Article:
After your studies, you can decide to do a PhD to specialise in a topic that you are particularly interested in or you can find a job as a geologist. There are many sectors that employ geologists, such as energy (renewable or oil and gas), environmental geology, mining, hydrogeology, communication, natural hazards and risks, engineering geology, etc. Geology will give you skills that are sought after in the employment market, like critical thinking, communication and writing skills, IT skills, attention to detail, etc.
Why I studied geology
Testimonies from early career geologists
“Geology is a fascinating and versatile science which offers insights into the origin of the universe, our planet and climate and it also underpins the development of our society. I chose to become a geologist as I love the outdoors and wanted to understand more about why the mountains, rivers, valleys and oceans formed.”
– Odhrán McCarthy, PhD in sedimentary provenance at UCC.
“I chose geology because I wanted to learn different ways of viewing the world around us. Geology brings a unique and passionate understanding about the different mechanisms in our planet and I think that is fascinating. As a marine geologist, I am passionate about studying deep-water environments and their mysteries.”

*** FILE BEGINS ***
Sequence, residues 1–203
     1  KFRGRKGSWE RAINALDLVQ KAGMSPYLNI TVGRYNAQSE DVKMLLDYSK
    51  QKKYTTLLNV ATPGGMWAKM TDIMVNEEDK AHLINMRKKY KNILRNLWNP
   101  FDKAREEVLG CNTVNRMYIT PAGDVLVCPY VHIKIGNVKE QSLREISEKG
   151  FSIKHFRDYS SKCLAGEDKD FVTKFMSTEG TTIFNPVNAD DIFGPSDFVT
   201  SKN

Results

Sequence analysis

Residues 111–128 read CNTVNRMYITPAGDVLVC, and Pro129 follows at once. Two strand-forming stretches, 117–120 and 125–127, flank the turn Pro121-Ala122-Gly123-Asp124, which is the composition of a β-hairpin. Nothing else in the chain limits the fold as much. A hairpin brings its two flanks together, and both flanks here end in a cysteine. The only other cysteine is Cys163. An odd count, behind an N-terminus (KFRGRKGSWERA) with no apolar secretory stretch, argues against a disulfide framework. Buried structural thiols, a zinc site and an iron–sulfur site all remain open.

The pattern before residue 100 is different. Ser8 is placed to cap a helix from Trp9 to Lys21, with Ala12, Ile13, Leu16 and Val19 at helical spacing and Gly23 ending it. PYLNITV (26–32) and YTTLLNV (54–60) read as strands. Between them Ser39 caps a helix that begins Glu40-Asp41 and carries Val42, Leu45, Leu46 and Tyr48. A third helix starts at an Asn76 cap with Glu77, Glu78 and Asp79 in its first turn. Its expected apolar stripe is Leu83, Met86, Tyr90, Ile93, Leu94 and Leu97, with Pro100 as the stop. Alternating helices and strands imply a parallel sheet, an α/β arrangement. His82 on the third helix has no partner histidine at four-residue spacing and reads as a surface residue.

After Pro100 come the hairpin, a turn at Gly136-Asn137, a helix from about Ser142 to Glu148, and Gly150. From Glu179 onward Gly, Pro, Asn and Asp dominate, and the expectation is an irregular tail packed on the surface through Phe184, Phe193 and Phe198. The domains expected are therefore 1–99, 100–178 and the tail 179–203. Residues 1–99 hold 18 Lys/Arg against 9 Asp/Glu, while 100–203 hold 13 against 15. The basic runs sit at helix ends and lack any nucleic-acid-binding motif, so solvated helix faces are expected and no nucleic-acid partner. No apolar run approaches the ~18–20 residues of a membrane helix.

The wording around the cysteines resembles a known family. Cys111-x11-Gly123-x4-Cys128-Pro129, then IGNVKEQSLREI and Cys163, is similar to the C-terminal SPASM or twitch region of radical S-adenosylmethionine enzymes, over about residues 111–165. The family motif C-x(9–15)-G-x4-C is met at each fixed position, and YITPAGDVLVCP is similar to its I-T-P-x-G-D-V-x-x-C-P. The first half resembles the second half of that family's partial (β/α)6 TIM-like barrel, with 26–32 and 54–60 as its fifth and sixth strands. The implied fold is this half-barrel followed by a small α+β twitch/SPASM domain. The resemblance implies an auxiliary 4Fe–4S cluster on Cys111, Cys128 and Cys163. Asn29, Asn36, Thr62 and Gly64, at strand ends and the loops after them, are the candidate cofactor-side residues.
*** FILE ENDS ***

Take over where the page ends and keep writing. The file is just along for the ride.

– Larissa Macedo Cruz de Oliveira, PhD student in marine geology at UCC.
“I didn’t plan on studying geology at university – but luckily it’s where I ended up. Geology is connected to everything around you, from buildings to phones to green technologies. So, as an economic geologist, I use geochemistry to study the rocks that host metal deposits like lead, zinc, copper and cobalt. This helps me to figure out what processes led to these metals becoming concentrated in the ground beneath our feet, which can then be used to help find more of these types of metal deposits. Metals like lead, zinc, copper and cobalt are an important part of many green technologies (e.g. wind turbines, solar panels, electric vehicles) and so finding more of these will be a crucial part of transitioning to a greener future.”
– Aileen Doran, Postdoctoral researcher in economic geology at iCRAG.
“Geology is a science that taught me how to appreciate nature and how fragile our environment is. I specialised in palaeontology because I was fascinated by fossils; I am able to look at animals and plants that are extinct today but preserved forever in rocks. I feel like I’m travelling back in time, and that’s an amazing feeling!”
– Aude Cincotta, postdoctoral researcher in palaeontology at UCC.
“I chose to study geology as I was always fascinated with the natural world and wanted to know more about how it formed and how it changes through time. As a science engagement officer, I strive to inspire others to become curious about the ground beneath their feet. Rocks tell the story of our planet. I love that no matter where you go in the world you can read the landscape and understand a part of its epic tale.”
– Jess Franklin, science engagement officer at UCC.